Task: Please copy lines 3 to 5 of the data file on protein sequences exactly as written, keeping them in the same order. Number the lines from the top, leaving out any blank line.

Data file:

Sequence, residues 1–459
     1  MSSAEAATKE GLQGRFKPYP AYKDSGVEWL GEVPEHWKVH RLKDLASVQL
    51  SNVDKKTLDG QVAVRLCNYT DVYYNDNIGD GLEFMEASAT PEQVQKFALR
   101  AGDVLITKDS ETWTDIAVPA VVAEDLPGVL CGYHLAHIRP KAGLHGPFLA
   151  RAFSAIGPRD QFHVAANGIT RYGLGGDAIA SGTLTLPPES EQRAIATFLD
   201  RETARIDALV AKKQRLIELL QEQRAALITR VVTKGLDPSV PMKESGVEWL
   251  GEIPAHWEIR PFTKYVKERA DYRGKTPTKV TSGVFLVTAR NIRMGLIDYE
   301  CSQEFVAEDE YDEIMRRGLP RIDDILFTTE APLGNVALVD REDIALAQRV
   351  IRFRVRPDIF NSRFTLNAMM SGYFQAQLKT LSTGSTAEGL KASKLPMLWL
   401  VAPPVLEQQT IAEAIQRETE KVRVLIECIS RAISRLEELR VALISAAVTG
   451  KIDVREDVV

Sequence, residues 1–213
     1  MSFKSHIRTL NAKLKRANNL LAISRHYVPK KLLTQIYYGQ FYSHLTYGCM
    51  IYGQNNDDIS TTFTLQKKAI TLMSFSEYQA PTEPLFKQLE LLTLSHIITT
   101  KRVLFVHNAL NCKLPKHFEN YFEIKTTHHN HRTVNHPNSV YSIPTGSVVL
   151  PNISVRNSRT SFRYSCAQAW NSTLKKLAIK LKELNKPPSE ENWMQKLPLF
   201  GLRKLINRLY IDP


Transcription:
    51  SNVDKKTLDG QVAVRLCNYT DVYYNDNIGD GLEFMEASAT PEQVQKFALR
   101  AGDVLITKDS ETWTDIAVPA VVAEDLPGVL CGYHLAHIRP KAGLHGPFLA
   151  RAFSAIGPRD QFHVAANGIT RYGLGGDAIA SGTLTLPPES EQRAIATFLD